Why is the brain tour important?
When you experience a real threat to your safety – in specific cases such as in a car accident, or in general terms such as coping with long term raised stress, the ‘primitive’ part of the brain (brainstem) becomes active – triggering the fight/flight or freeze/flop response. This is why you might feel generally anxious, or have a specific anxiety – the brain has become stuck in a fear response. To overcome it you need to get the ‘higher brain functions’ working again. Understanding that you need to get the thinking part of the brain working again can help you to focus on how to do this.
The anxious brain - higher brain function impaired
Seeing red: when the emotional part of the brain rules and the logical side is shut down.
Window of tolerance:
Usually people have safe zones, places or environments where their anxiety is not as high as others. A window of tolerance is a way of thinking about what you can cope with before the anxiety becomes overwhelming. Within the window of tolerance life carries on relatively normally, but when you become hyper-aroused then your thoughts and feelings get overwhelmed – anxiety or panic sets in. If you become hypo-aroused then you do the opposite – you shut down, go numb, lose all energy, disconnect or become depressed. Trauma or long-term stress can cause your window of tolerance to become smaller, meaning that it is more likely that you will become hyper or hypo aroused – anxious or depressed. Increasing your window of tolerance will help you feel better, more often.
The answer to this is personal – if you ‘think about what you are thinking of’ then you can decide; the important thing is to understand that thoughts, feelings, behaviours and bodily responses can be linked together.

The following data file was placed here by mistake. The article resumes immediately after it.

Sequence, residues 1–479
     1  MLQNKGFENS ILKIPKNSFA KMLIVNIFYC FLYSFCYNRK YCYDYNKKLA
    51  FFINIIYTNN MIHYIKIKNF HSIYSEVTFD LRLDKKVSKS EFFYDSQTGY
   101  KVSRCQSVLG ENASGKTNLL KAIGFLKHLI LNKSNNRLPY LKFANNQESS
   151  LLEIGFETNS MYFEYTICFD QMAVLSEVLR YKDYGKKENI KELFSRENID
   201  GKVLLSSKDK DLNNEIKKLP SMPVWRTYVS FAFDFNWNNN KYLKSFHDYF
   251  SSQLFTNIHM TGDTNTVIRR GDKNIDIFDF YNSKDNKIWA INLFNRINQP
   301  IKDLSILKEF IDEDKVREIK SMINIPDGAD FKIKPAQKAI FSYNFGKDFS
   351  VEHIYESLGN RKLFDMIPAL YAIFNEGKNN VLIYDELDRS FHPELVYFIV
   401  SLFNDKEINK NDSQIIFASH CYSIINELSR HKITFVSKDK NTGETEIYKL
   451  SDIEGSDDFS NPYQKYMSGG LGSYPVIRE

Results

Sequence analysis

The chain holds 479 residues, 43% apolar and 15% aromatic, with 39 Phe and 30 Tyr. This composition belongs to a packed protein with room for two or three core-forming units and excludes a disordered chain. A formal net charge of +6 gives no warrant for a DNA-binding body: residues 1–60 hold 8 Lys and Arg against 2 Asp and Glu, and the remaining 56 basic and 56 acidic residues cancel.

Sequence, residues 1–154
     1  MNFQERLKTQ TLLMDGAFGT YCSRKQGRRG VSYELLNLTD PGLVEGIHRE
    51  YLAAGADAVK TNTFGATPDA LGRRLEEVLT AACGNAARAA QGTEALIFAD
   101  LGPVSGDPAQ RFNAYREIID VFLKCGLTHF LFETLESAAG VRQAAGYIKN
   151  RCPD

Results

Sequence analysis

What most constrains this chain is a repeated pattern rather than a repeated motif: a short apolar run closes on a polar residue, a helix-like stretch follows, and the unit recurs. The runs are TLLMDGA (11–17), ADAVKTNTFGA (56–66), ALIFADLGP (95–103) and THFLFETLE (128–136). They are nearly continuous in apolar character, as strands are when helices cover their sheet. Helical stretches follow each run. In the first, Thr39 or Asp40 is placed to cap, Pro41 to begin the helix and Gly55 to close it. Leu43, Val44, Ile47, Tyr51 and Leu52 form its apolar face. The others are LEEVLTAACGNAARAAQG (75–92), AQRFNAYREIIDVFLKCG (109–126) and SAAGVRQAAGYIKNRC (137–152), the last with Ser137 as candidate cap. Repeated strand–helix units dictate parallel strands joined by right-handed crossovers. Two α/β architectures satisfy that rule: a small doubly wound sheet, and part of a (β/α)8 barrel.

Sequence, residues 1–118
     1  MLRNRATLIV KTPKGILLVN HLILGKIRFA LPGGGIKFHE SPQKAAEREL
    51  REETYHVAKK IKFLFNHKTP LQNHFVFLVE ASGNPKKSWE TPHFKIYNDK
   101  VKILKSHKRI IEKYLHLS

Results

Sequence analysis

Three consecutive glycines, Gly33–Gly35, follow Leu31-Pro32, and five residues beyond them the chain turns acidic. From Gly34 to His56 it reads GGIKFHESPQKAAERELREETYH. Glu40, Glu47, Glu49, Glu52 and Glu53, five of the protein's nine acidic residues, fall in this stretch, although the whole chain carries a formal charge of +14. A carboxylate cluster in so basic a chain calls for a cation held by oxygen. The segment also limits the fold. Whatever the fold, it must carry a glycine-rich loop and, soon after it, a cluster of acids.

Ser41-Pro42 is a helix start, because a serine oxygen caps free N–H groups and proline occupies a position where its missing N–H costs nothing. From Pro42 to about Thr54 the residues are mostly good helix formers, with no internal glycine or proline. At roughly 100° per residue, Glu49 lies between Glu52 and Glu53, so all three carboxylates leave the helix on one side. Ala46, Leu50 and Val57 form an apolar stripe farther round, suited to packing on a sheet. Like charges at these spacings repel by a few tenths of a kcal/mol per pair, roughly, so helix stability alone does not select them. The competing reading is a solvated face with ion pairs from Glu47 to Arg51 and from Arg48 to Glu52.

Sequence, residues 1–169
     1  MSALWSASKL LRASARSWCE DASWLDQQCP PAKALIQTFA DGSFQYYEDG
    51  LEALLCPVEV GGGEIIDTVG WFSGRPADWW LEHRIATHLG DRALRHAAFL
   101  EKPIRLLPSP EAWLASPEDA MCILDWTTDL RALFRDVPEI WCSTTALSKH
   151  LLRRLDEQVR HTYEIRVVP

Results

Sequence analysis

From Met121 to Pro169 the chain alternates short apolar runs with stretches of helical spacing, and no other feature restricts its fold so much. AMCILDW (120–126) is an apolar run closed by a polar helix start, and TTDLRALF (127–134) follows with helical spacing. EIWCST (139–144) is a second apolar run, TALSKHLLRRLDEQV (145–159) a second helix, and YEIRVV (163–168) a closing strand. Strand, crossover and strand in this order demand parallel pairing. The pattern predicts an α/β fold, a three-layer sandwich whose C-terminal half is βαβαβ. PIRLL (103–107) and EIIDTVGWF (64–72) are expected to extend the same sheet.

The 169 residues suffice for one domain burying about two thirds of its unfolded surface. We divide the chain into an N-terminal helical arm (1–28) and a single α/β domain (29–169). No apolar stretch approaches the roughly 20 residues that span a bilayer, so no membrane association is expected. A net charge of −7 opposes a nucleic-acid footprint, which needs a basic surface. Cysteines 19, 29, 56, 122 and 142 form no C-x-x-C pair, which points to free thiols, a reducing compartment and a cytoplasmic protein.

How does it work?
If you are anxious about doing something or going somewhere, consider what happens first – do you get to the door and then decide not to go further? Do you know what you feel or what you are thinking? If you think about how you feel (anxious) what are the thoughts that you associate with that feeling? This is really important; maybe write down your thoughts associated with the feelings and the thing that you were doing at the time, keep a record and see if a particular thought or thoughts are related to the anxiety. Once you have identified the thoughts then you can consider where that thought comes from, whether it is valid, you can challenge it, maybe you can think about what-if – what if you carry on out the door…?
What can counselling offer?
There are two aspects to consider in working with anxiety:
Working in the present context to manage and cope.
Looking at what is behind the anxiety – the deeper work to understand and reprocess our past experiences and memories.
There are many different, good and valid approaches to managing anxiety on a day to day basis, but remember that any ‘quick fix’ is unlikely to allow you to do the deeper work necessary to really reprocess those past experiences, working to leave your anxiety firmly in the past.
How I work with anxiety:
Everyone is unique and I will work with you to help you overcome your anxiety using an approach that fits where you are at. There are a number of coping methods that we can discuss and practice. When it comes to the deeper work of diffusing the anxiety I may incorporate in-vivo (gentle exposure) and visualisation techniques, as well as working together to process past events.